And let me tell you, it was well worth the wait.

Atop her head rests a luscious, healthy head of hair. For the first time, I can see it’s natural brown color, free of all the dyes that I used to know. She has the occasional stray silver strands that shine like tinsel on even the gloomiest day. She refuses to get it cut and I don’t blame her, the length is absolutely perfect. It smells of fruit, even days after its last wash. When it’s humid out, the bottoms flip up and it bounces like a go-go dancer in a shampoo commercial.

It’s thick and full of life. It even feels different when I run my fingers through it. It looks full and fluffy enough to be a pillow and lord knows I’ve tried. Unfortunately, it still tugs at her head and she gets really angry whenever I do it. I’ve spent a long time just stating in fascination of that hair. And she definitely has, as well.

To think that she went from nothing to this is staggering. Skyscrapers have been built with more simplicity. This fuckin’ girl. Leave it to her to go through chemo and come out of it looking even more stunning.

***She’s a never-ending comfort***

It had been a long day. It was the end of a very long week. Which marked the end of a very long summer. But its finality didn’t make me feel any better. I was tired, aching, frazzled, starving, soaked to the bone, alone, caked in mud, and I still had 200 miles to drive.

My knuckles were glowing a fluorescent shade of white as they clung onto the steering wheel for dear life. The rain poured harder and harder as semi trucks passed me at full speed, blinding me further. The grooves in the cheap pavement were filling up with water and it caused me to occasionally lose complete control of the vehicle. I didn’t think there was any way I’d make it without losing my sanity, the car or my life.

So I made a phone call, so I could at least keep one of those things.

Just the sound of her voice cooled my nerves a little. All she had to do was tell me the truth: that I was okay, I was in control and if it somehow got worse, she would find a place for me to stay. But finding a place to stay wasn’t even an option. I had spent the whole summer alone and refused to do it for another night. I was dead-set on coming home to her. To not sleep that night with her in my arms would be nothing short of a complete failure. And she wasn’t going to let me fail. She never does.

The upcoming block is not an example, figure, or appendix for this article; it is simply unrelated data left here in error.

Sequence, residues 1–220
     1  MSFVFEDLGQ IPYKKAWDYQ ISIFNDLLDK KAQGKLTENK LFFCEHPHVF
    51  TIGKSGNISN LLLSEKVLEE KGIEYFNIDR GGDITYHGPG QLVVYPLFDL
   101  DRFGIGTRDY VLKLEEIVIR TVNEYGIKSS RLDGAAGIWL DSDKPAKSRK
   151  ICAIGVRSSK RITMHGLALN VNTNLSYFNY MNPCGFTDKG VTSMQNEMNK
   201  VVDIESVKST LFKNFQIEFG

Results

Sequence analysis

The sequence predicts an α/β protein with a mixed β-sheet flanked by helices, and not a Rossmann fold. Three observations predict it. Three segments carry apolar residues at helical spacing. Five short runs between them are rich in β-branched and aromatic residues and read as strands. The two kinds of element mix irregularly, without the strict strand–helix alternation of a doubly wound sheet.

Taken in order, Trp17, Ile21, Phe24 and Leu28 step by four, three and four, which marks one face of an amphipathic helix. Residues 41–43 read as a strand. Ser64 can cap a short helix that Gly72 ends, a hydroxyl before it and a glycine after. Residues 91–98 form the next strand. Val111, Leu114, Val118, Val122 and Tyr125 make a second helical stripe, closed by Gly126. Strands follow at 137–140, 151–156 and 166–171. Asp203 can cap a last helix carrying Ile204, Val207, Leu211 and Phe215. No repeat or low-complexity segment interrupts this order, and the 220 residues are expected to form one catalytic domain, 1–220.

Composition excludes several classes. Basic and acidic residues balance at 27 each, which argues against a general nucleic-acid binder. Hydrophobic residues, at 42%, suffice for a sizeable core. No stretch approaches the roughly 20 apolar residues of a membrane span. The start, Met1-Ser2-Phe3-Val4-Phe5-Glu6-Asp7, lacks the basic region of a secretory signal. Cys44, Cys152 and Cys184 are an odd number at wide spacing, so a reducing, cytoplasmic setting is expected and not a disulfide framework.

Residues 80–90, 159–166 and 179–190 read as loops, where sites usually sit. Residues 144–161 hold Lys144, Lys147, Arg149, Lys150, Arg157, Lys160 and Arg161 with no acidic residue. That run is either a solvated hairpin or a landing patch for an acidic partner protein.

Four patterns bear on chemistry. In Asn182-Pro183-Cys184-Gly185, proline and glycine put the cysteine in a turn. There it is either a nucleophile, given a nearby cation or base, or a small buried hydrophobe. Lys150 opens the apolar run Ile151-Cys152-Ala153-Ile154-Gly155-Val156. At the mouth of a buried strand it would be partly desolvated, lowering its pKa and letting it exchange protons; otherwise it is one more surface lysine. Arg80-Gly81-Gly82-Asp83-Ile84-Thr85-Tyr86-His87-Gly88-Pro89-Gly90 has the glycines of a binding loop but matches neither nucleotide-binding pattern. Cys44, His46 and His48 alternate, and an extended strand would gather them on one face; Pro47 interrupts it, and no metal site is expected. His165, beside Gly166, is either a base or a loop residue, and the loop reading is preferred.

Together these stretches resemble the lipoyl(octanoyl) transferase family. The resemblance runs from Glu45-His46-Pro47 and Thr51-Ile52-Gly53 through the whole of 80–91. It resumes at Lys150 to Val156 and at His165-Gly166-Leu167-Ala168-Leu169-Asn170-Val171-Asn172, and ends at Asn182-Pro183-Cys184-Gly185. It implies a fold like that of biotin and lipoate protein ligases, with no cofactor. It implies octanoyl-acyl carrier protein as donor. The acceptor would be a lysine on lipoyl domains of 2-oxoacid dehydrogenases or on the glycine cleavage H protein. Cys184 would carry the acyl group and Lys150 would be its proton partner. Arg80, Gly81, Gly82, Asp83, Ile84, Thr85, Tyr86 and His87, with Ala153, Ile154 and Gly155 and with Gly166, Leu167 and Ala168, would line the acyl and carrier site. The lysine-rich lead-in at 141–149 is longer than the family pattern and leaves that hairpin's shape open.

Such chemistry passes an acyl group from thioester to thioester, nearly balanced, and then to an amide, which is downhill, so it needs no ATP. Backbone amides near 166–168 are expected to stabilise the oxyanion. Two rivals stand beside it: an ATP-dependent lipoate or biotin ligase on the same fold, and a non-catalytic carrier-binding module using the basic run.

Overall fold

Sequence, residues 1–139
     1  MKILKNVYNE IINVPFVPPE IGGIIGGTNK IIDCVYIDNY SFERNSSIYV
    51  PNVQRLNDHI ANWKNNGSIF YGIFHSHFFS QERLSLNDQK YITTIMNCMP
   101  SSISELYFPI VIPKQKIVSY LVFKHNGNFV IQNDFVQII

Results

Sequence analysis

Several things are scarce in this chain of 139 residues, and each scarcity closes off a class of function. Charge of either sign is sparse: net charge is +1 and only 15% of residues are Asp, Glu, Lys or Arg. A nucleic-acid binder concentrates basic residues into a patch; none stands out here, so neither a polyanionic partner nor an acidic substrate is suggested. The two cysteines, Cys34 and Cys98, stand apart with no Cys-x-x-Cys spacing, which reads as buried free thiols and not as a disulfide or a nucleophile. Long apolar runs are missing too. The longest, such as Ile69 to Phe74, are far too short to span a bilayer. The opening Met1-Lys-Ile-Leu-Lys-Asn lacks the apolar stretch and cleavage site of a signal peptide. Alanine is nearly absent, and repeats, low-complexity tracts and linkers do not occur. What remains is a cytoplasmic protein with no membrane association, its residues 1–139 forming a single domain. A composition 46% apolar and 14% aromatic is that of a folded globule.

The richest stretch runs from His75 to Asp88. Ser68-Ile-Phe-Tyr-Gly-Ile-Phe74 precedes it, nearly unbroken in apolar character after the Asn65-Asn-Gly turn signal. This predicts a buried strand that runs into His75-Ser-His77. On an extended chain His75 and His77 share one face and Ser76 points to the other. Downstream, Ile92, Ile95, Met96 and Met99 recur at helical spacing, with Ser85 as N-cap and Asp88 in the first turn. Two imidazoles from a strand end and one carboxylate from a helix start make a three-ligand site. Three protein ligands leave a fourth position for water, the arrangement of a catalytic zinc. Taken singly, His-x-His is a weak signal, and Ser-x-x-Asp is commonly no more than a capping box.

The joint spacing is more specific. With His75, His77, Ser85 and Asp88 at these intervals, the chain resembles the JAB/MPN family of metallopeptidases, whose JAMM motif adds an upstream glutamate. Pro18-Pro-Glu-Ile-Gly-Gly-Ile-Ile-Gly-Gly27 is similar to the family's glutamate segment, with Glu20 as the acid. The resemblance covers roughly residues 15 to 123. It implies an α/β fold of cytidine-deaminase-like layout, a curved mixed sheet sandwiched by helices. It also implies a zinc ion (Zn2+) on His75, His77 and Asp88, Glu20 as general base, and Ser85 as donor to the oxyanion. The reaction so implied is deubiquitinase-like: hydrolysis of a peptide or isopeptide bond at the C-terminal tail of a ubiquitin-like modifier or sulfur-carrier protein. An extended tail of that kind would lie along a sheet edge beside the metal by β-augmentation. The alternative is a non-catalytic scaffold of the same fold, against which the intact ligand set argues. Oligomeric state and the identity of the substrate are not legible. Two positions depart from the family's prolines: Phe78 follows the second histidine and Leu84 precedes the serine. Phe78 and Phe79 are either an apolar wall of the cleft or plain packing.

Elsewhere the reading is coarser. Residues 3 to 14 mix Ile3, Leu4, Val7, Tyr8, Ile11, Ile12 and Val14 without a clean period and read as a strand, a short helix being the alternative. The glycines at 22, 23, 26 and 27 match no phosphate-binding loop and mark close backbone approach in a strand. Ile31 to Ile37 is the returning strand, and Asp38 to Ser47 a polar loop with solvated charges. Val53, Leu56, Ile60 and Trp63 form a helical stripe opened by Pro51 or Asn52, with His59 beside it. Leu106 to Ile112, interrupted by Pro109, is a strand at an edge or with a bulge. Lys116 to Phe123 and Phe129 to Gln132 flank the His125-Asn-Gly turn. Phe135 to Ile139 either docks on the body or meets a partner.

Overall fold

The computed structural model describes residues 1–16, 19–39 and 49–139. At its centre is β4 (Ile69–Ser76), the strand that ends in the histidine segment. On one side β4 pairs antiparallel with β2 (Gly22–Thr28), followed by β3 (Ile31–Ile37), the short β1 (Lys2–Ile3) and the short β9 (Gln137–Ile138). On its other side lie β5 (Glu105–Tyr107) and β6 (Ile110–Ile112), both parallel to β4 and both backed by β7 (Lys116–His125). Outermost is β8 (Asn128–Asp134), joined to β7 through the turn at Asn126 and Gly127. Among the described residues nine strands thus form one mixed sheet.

So she stayed on the line for hours. Just talking whatever bullshit came to mind. Or sometimes just sitting in silence, listening to each other breathe. Even that was a comfort in those dire hours. Whenever I passed a town, she would look up the weather report, assuring me that everything was lightening up the further south I travelled. She didn’t need to, but she stayed on the phone for hours as I slowly and carefully navigated my way home.

When I unlocked the door, I felt like merely the husk of a human. All of my vibrance had been drained, but damnit, I made it to my front door. When I opened the door, she was sitting innocently on the couch, table propped up, tapping into her iPad totally unfettered. Just how I always imagine her to be.

I don’t remember how long we hugged, but I remember how it made me feel. Warm, welcome, safe, loved, every feeling humans strive to grasp. This fuckin’ girl. There I was, worked to the bone and at the brink of collapse and just a few words and an embrace made me feel normal.

But really though, just who is this person sleeping next to me? She’s the Sun and moon. She’s everything that I ever wanted in a partner. She’s the reason I wake up in the morning and go to bed at night. We’ve gone through a lot of trials and tribulations during our 3 years of marriage. But none of those facts have ever been diluted. She’s the love of my life and I’m completely obsessed with her as she is with me. Even so much so that when I pretend she’s a stranger, I can’t help but to rattle off two or three things that I know about her.